Within the Fenwick Collection there are numerous references to where circuses would perform. These were often on the edges of the town, in fields, or on show grounds. The scale of some of these circuses meant that there would be no other option to cater for a ‘mammoth’ show consisting of 1000 men and beasts.
Other sites were more un-expected. J Woods, for instance performed on the River Tyne, sailing a washing tub pulled by geese. Perhaps this was a fore runner of site-specific performance which became popular at the turn of the millennium.
Note – Where it was billed as “for the Benefit of” performers were encouraging the audience to give generously as an old performer wanted to end his career.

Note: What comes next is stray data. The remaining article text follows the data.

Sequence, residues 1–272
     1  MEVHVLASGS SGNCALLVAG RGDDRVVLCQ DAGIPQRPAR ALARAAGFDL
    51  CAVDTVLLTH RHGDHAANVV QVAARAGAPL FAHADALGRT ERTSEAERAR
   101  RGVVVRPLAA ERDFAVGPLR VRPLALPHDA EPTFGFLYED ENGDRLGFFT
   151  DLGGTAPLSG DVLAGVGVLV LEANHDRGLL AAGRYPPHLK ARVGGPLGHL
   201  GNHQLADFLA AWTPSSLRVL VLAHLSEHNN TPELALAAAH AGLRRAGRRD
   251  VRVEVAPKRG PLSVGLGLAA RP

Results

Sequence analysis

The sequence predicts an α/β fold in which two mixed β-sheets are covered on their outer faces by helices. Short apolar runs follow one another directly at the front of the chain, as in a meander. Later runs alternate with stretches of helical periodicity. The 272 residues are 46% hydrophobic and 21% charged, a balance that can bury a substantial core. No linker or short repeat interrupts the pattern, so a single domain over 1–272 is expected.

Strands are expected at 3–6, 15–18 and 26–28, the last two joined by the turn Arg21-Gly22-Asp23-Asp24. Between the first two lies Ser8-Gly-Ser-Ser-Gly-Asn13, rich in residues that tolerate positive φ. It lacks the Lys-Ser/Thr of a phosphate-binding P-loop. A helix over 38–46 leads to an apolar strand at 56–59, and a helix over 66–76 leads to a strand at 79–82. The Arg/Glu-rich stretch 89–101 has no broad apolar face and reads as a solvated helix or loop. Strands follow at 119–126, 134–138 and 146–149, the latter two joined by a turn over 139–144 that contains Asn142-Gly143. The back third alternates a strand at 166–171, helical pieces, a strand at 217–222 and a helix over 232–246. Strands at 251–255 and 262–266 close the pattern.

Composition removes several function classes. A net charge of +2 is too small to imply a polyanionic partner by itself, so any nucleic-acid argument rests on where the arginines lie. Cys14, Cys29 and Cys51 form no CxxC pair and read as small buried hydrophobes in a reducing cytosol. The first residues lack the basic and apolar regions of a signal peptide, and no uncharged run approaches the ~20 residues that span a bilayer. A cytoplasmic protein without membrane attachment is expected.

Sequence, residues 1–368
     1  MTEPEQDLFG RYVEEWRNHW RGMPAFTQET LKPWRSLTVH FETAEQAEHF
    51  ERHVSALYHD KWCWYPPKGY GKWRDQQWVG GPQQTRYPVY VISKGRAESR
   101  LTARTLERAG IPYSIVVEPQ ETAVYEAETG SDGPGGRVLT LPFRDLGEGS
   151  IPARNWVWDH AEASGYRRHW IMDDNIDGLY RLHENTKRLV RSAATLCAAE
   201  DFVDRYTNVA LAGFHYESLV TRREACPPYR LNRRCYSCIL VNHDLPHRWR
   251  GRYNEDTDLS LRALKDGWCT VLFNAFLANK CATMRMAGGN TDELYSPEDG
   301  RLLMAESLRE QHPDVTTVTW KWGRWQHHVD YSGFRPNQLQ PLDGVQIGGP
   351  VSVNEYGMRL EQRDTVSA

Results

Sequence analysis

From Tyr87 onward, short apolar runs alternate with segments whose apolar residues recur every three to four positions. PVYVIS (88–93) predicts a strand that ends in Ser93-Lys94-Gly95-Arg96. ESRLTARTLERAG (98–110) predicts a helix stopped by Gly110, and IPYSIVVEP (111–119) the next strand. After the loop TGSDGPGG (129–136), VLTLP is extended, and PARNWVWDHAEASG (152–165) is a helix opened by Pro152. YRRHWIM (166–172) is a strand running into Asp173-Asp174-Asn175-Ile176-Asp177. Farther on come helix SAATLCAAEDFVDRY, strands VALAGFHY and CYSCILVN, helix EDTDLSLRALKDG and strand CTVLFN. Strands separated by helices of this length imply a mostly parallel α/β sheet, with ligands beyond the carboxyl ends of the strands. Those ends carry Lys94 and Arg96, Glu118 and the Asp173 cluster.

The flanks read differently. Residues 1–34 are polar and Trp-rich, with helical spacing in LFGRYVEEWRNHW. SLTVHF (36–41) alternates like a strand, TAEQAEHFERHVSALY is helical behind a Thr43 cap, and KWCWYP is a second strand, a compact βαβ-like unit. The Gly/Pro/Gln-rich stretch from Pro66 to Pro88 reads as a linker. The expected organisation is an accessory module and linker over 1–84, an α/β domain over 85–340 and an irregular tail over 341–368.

Note also – on some hand bills there were adverts that offered a chance for ladies and gentlemen to have lessons with the Performers at different times. Again a precursor to some contemporary circus practice and the popularization of skills.
There were a great number of Theatres which played host to variety and circus performances at the turn of the century. These are also referenced Mike Armstrong’s research in the Tyne and Wear Archives and City Library. Mike tells of how the Woods Collection of posters was salvaged. A printer in Hartlepool which printed all the hand bills, for decades kept one of each run. These were stacked up in piles in a warehouse. Over the years the roof caved in and and the top 1 1/2 inches turned to mush with was water damaged. Still it is a unique record of entertainment in the region for researchers interested in theatrical history.
It includes references, with sample flyers or cuttings, to the following establishments: Sunderland Empire 1910; Newcastle Empire 1909; Pavillion Theatre, Newcastle, 1909; Victoria Theatre Royal, West Hartlepool, 1872; Empress Theatre of Varieties, Hartlepool 1904. the Gaiety Theatre of Varieties, Hartlepool 1902, Town Hall Hartlepool 1849.